Greek salad looks like a mess, too, with sloppy carvings of tomato and cucumber over an enormous, single leaf of spinach. Crumbles of feta cheese and lusty Kalamata olives are great, but the pepperoncini and chopped red bell pepper belong on an antipasto platter. The "Greek" dressing is more oily Italian, but who cares? It's effective on the taste buds.

I can't believe a place that sports orange accent walls adorned with mannequin legs would aspire to offer ahi mignon, but DG's does. As usual, it looks terrible, the fish supernaturally fuchsia, barnacled with charcoal-black peppercorns and plopped on top of spaghetti (not the promised udon, or Japanese noodles, by any creative menu interpretation). And once again, the result is great, the fish firm and sparkling fresh under a coverlet of chopped tomato, onion and radish sprouts. The sauce practically beats its chest in pride, a vibrant, balsamic-rich vinaigrette dotted with chopped tomato and sautéed spinach.

Barbecued beef short ribs are another glamourless creation, but they make up for their lack of beauty with personality. These are tender dinosaur bones, smothered in mild sauce. A side of stockpot vegetables (celery ribs and carrot cooked to Crockpot soft) lend comfort, but the real star is the ordinary-looking bowl of "firehouse" macaroni. It is truly a firehouse of tongue-grabbing spice, the elbow mac studded with kernel corn in a velvety cheese sauce.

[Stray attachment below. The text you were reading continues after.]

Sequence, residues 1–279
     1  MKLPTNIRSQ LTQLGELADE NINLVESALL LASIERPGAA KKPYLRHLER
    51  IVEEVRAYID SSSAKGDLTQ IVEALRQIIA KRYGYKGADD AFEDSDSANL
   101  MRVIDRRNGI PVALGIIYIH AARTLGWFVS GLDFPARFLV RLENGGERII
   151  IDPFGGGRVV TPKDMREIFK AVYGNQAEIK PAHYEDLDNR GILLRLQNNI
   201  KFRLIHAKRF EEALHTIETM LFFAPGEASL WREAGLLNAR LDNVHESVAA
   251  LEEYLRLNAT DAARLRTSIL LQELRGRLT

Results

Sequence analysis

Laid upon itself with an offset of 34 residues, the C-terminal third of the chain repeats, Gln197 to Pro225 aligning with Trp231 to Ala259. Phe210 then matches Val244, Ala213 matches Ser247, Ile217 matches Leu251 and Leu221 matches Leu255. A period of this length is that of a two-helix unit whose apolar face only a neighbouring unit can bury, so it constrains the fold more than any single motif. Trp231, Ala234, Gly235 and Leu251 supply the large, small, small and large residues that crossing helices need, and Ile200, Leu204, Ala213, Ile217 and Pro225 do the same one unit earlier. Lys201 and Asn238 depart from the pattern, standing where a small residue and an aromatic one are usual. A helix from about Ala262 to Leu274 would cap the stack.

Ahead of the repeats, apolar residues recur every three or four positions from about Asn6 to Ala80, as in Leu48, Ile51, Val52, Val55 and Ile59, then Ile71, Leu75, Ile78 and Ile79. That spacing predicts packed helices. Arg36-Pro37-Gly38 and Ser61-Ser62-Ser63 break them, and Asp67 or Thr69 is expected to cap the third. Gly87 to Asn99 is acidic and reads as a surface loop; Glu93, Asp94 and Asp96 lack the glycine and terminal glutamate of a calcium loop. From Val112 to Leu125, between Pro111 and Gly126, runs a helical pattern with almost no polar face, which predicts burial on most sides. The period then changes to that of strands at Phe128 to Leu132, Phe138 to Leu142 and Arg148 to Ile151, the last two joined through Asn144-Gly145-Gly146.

All of this excitement translates to the lunch hour, where a topnotch "High Rise" Reuben sandwich competes with the Farmer's Finest, an orgy of marinated portabella, roasted red pepper, cucumber, radish sprouts, lettuce and tomato on ciabatta. But go for the Omaha steak, even if it's served on a soft sub roll instead of its menu-touted French baguette. The tenderloin is pristine, plied with garlic mayonnaise, bell peppers, onions and jack cheese.

One disappointment: meatloaf is miserable. Slabs of thin loaf are creepily sponge-like and suffocated under a cloying glaze of sweet honey. Mashed potatoes are homemade, but lacking a brown gravy needed to help complement the bright-green snap peas.

Breakfast is a bright spot, with house favorites like chicken-fried steak and eggs with lyonnaise potatoes, and cheese blintzes with fruit sauce and sour cream. A breakfast club is a charmer, stacking scrambled eggs with bacon, ham, American cheese and tomato for a hefty sandwich.

DG's is a pleasant surprise. Often strange, to be sure, but what's life without a little adventure?